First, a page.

Robert Jennings has been on Texas’ death row for nearly 30 years. On Wednesday, the 61-year-old is set to die in the nation’s first execution of 2019.
Jennings was sentenced to death in the 1988 murder of Houston police officer Elston Howard. According to court records, Jennings walked into an adult book store to rob it, and Howard was there arresting the store clerk for a municipal violation. The clerk testified that Howard had no time to even reach for his gun before Jennings shot him multiple times, killing him.
The lengthy stretch of time between Jennings’ 1989 sentencing and his scheduled execution shines a light on the complications that can arise during the appeals process in the face of constantly evolving death penalty law. In their current attempt to halt Jennings’ execution, his lawyers are zeroing in on changes in how death penalty juries weigh “mitigating evidence”— factors that can lessen the severity of the punishment that are largely based on the defendant’s background, like an abusive childhood or intellectual disability.
An appeal to the U.S. Supreme Court points out that, at the time of Jennings’ trial, Texas juries were not told they could opt for a sentence of life in prison rather than death if they believed the defendant’s background or character warranted mercy — a key aspect of death penalty trials now.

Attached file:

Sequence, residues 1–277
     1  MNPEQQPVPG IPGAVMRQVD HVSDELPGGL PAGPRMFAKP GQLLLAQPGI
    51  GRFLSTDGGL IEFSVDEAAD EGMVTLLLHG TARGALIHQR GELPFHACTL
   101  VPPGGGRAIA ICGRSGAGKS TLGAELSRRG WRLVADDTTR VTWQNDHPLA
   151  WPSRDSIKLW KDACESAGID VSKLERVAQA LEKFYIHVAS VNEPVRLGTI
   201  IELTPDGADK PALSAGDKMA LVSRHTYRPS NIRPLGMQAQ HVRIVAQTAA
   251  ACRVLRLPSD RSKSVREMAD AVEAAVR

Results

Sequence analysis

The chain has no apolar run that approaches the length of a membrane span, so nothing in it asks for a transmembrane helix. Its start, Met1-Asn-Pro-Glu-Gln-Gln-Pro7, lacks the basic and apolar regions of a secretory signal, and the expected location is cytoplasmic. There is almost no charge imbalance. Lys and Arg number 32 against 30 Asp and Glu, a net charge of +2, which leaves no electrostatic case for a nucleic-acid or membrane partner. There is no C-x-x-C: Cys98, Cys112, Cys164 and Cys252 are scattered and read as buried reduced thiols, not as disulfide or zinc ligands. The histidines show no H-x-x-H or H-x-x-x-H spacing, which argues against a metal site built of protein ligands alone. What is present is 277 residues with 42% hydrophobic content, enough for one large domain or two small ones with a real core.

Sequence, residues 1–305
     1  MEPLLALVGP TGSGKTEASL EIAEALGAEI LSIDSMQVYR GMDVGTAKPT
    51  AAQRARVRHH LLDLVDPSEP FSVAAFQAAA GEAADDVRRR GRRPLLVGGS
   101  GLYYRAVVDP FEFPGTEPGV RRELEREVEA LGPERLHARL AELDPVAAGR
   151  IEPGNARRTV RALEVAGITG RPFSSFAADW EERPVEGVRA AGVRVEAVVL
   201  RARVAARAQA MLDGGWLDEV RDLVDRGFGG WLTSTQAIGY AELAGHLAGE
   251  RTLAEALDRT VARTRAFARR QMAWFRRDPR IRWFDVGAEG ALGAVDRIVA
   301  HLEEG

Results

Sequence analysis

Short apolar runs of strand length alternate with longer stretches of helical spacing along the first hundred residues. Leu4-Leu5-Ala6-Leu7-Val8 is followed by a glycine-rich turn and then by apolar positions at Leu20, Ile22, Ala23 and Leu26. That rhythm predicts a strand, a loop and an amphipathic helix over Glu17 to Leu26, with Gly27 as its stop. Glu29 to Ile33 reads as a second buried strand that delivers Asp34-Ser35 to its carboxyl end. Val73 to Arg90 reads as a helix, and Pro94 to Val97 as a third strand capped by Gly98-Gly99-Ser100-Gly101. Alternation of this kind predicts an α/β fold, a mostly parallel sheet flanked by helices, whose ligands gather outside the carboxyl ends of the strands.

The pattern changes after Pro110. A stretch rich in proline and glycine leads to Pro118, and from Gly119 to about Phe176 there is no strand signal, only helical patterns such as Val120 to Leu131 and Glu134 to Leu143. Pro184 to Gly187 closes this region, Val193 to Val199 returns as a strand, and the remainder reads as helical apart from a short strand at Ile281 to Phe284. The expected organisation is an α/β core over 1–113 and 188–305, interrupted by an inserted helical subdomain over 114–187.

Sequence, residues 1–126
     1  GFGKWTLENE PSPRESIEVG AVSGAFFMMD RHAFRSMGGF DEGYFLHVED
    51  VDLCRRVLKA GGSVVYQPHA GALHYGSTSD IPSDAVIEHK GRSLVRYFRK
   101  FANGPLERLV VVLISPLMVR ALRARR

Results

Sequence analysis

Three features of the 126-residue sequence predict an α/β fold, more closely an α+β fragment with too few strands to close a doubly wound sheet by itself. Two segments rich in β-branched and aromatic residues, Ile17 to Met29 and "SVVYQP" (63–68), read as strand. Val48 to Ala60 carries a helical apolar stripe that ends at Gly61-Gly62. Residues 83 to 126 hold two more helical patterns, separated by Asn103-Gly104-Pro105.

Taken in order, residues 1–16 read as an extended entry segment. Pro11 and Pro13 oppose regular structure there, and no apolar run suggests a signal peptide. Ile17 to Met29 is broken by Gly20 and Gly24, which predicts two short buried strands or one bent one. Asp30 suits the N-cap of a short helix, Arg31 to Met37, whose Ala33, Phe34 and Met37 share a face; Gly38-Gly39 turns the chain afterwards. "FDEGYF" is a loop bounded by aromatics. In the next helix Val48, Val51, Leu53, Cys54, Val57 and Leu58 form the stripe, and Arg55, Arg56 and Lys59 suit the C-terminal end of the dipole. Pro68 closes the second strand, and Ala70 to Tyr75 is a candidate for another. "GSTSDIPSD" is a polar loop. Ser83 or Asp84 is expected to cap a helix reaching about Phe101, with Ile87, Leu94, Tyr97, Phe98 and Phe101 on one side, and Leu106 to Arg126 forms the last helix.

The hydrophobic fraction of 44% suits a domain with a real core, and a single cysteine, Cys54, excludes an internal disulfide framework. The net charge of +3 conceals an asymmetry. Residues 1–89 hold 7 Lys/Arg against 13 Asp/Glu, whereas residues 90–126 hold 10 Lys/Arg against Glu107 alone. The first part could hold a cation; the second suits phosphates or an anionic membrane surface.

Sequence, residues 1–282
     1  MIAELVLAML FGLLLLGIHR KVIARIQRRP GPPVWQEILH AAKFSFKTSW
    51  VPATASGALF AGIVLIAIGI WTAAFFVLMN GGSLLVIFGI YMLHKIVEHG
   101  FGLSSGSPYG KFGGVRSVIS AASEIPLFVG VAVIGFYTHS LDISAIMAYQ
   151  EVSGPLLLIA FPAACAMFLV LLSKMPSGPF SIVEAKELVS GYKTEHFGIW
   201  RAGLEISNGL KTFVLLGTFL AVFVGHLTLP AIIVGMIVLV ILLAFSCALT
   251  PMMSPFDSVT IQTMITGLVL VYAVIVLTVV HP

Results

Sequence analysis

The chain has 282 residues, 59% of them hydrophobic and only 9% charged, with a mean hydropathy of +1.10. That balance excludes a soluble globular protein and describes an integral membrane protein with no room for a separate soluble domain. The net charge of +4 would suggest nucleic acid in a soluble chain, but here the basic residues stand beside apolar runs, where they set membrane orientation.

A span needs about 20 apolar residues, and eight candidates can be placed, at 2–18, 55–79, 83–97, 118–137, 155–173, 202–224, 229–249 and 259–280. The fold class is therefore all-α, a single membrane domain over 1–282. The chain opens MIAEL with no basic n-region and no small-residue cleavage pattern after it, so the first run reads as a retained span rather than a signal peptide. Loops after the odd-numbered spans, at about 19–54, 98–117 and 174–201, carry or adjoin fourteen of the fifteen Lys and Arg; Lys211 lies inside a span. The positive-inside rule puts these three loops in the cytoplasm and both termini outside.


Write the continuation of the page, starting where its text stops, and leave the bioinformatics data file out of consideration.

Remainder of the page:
Rather, the so-called “special issue” questions Texas juries were required to answer after finding someone guilty of capital murder asked them to determine whether the murder was deliberate or provoked — and whether the defendant was a potential future danger.
At the punishment portion of Jennings 1989 murder trial, where the jury was supposed to answer those questions, the prosecution brought up Jennings’ long rap sheet — he had been to prison multiple times for aggravated robbery, and had been released on parole only two months before Howard’s murder, according to court records. In his confession to police after his arrest, he also confessed to several other robberies in the two-month span.
Meanwhile, Jennings’ lawyers only brought forth a Harris County jail chaplain, who said Jennings wasn’t “incorrigible,” in reference to potential danger posed. The jury also heard Jennings’ recorded confession, where he admitted he had been drinking and using drugs and expressed remorse for the shooting.
But days before the trial, the U.S. Supreme Court had ruled in an unrelated case that a death penalty jury must be specifically directed to determine whether mitigating evidence warrants sparing the defendant from execution. In an attempt to address the ruling at the last minute, Jennings’ jurors were told after closing arguments to consider any mitigating evidence already introduced and, if they found it appropriate, to answer against the death penalty in one of the already-existing questions.
The jury was unconvinced, and Jennings was sentenced to death. It wasn’t until more than a decade later that the Supreme Court again took up the issue and determined that telling a jury to weigh mitigating evidence by overwriting an existing special issue is not constitutional.